I've divided tolerances by ten as you said to me.now residuals of variables are same(trend and value) exactly.but global countinuity is lower at second one from -9 order to -10.has the problem converged in your opinion and your experiment?
Thank you.

 msuaeronautics January 27, 2013 21:16

Personally, I prefer:

Ux, Ux, Uz = 1e-5 or 1e-6 if possible
p = 1e-3 or 1e-4 (it is usually quite difficult to get it lower than this)
Turbulent variables (k, omega, epsilon etc) 1e-5 or 1e-6

I think you're also asking where this is seen, so for example, you would look for your initial residuals as such:

Quote:
 DILUPBiCG: Solving for Ux, Initial residual = 3.90079e-05,
Your timestep continuity errors are okay as long as they're close to machine zero (in other words, 1e-10 or even smaller).

You may also track convergence if you see your residuals don't get any smaller or larger over a large period of time, though it is best to try and get the actual residual figure down as low is possible.

 vatavuk January 28, 2013 15:21

Hi Ehsan,
About your question, I was suggesting that you compare the results of p,Ux, Uy etc, not the residuals.

 immortality January 28, 2013 17:22

Quote:
 Originally Posted by vatavuk (Post 404597) Hi Ehsan, About your question, I was suggesting that you compare the results of p,Ux, Uy etc, not the residuals.
Hi Paulo
thank you again.i should compare results in folders?or another easier way is possible?:D
I use adjustableRunTime with automatic Co.is it better to change it to constant time step for more stability?

 vatavuk January 29, 2013 07:19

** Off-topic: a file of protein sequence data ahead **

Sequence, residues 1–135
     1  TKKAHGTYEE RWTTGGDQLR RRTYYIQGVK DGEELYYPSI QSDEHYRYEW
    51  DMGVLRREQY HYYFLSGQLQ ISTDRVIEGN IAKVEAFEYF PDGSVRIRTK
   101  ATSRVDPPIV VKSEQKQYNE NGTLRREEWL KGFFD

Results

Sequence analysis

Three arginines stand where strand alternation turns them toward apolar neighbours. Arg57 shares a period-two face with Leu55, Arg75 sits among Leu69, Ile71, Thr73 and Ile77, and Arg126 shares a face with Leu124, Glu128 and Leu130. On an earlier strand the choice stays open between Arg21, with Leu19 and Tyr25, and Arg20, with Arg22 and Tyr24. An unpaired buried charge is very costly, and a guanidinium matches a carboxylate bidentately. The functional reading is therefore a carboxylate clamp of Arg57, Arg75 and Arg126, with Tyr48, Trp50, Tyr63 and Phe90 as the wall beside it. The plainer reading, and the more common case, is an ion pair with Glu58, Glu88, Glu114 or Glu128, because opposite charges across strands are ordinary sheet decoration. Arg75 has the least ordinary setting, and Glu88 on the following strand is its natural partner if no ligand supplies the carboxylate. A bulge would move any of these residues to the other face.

Hi Ehsan,
To compare all results would be very difficult. I suggest that you choose some important locations in the flow and compare the results in the same locations. You could also draw some streamlines with paraview and compare their position using one tolerance or another. About the time step I think it would be better to use a constant time step for making comparisons, but if the results are similar the time steps would be equal in both simulations. I didn't understand what you mean by more instability, normally we want to avoid instabilities.

 immortality January 29, 2013 09:14

thanks.sorry for the mistake!I corrected it.so I don't know how to realize a number in the column list at each folder is related to which point.should i select randomly a number for instance 20th number at the list?

 vatavuk January 30, 2013 08:01

Hi Ehsan,
If it's difficult to choose a few points, you could draw some velocity profiles using paraview and make comparisons between the profiles obtained with different tolerances.

 diwakaranant February 2, 2013 04:21

Hi

I think for unsteady flow, the best way of monitoring convergence is to monitor the variation of time-averaged value of some parameter (eg. Cl_avg, Cd_avg etc.).

Regards
Anant

 diwakaranant February 2, 2013 04:23

Hi,

I think the best way of monitoring convergence in an unsteady flow is to monitor the variation of time-averaged quantity of some parameter, like Cl_avg, Cd_avg etc.

Regards
Anant

 All times are GMT -4. The time now is 11:52.